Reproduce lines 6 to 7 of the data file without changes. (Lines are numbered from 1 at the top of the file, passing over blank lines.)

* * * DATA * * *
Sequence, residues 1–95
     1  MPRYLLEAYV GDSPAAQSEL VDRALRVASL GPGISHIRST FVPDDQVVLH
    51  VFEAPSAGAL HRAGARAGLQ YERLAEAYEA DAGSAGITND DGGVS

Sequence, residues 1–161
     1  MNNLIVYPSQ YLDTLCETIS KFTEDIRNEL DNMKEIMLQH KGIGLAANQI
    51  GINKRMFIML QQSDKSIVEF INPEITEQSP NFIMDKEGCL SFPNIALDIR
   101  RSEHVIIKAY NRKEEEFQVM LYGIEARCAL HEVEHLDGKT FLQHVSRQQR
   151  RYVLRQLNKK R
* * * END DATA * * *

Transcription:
    51  GINKRMFIML QQSDKSIVEF INPEITEQSP NFIMDKEGCL SFPNIALDIR
   101  RSEHVIIKAY NRKEEEFQVM LYGIEARCAL HEVEHLDGKT FLQHVSRQQR